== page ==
Interesting piece in the NY Times that made me think about the sorts of fears and other road blocks that get in between students and exam success. (“Time to Be Honest about the Fear that’s Getting in Your Way” by Carl Richards, April 17, 2017)
Let’s look at some possibilities:
- I really do not love what I am studying and would rather spend time doing ________ [FILL IN THE BLANK] than studying.
Fear? [For college students]: Maybe there is no major for me. [For graduate students: Maybe I’ve chosen the wrong field. But what then? I’ve put in so much time and money, how do I turn back or change things now? I will incur more costs, more time, I’ll disappoint others….] This is an issue, no doubt. A couple of thoughts. What do you love? Can you articulate it? Is there training to get a job that would involve doing what you love? Also, remember, even work one “loves” is often hard. If you are well into a course of study, think carefully before deciding something “isn’t for you” solely because you may be struggling. If you are now just first deciding what to study, research what people do professionally with the degree you are seeking and see if any of it sounds appealing. Go on informational interviews. Talk with people. Research. You might find you were on a good path all along, or you might conclude that you do need to make a change. Bottom line here, the more strongly you believe you are on a positive path, the more likely you are to succeed in the various steps along that path.
- I do not believe that the price I’d have to pay to get the best grades possible is worth it. Everyone says that no one in my generation will get jobs unless they are in STEM, so why bother.
Fear? I won’t get a job. True may of today’s college grads, and even law school grads, are having a harder time than in previous generations finding good jobs. But there are still jobs. And, the better your grades are the you are more likely to get one of them. Instead of deliberately putting your head in the sand, or sabotaging yourself, make yourself the best possible stand-out graduate you can be. (Make an appointment with someone in your university’s career services center.)
- If I really put in every ounce of energy and an immense amount of time and I still don’t do as well as I’d like, the “truth” will come out that I’m just not as smart as people think I am. If I don’t put in that much, I can blame B’s, C’s, or D’s on something other than my own intelligence.
Fear? I am not smart enough. OK, this is a layered and nuanced concern. Some people are not suited for certain studies. But being admitted to a degree program is at least one objective measure that you are capable. Your grades are another measure. But, sometimes grades are an indicator that you have to try a different approach or seek a different explanation. Haven’t you ever had something just not make sense at all until that one moment when someone explained it in a different way, and “click,” -you got it?
Don’t let the fact that you haven’t yet figured something out push you into an imposter syndrome –where you fear you are not cut out for whatever you are seeking to accomplish. Instead of fearing you are not smart enough and falling into a self-fulfilling prophecy, try believing you are smart enough and find ways to live up to your high expectations. Seek help. Try different ways to studying. Experiment with different places to study. Research learning science techniques. Harness all the tools out there to help you become and stay your absolute best. Look for articles, books, videos, professors, TA’s, tutors, academic support or writing centers to see if any of them can help you get it –maybe with a different approach. There is a really good chance that persistence will pay off!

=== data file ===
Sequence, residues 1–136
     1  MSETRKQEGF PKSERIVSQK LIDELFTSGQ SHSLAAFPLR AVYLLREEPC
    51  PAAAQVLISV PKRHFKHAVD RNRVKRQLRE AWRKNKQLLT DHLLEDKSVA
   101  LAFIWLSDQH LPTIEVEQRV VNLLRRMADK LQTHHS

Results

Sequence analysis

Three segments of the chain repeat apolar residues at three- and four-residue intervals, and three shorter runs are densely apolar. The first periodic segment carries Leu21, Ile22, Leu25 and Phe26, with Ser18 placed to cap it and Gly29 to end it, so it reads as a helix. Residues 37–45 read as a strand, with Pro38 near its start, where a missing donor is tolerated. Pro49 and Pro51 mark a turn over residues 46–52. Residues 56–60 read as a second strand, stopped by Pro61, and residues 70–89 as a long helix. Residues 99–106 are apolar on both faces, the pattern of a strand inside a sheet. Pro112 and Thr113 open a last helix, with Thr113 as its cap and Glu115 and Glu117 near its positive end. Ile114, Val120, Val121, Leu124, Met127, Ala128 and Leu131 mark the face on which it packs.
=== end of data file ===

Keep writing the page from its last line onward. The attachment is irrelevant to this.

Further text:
- If I put in my all, I will do better than [FILL IN THE BLANK – perhaps this might include friends, siblings, or even parents.] My success will make them jealous.
Fear? I won’t be as well liked or loved if I show how smart I really am. OK, if the last point was nuanced, this one is even more complex –but oh so real for many people. There are jealous people and those who are not supportive. We could spend hours, days really, strategizing about how to handle this. For now, think about it this way –no one has the right to diminish your potential. And, certainly don’t let anyone into your head to keep you down before you’ve even given yourself the chance to soar.
Put this fear on hold. (Hit the pause button.) Do your best, succeed to the best of your ability, then deal with the fallout afterward. What’s the worst that can happen? You might lose friends. (If you lose a friend because he or she is jealous of your success, decide if you were best served by keeping such a person in your life anyway.) You might alienate family. (Ok, maybe. Sometimes people close to you are jealous or resent the time that your success takes you away from them. But you can find tools to repair such relationships, especially if they are truly grounded in love. Sometimes people need time and reassurance to know that your success will not diminish them or your relationship.) And, you may be surprised and find some or all of those you thought would not be supportive are. You may find people you thought would be jealous are immensely proud of you.
Is there something standing between you and doing your best? What is it? Break it down. Look closely to see if there are underlying fears, and if so, can you work through them without sabotaging yourself. Bottom line, struggling to do the best you can, in whatever you are studying at the moment, will give you more choices –even if you end up making a change.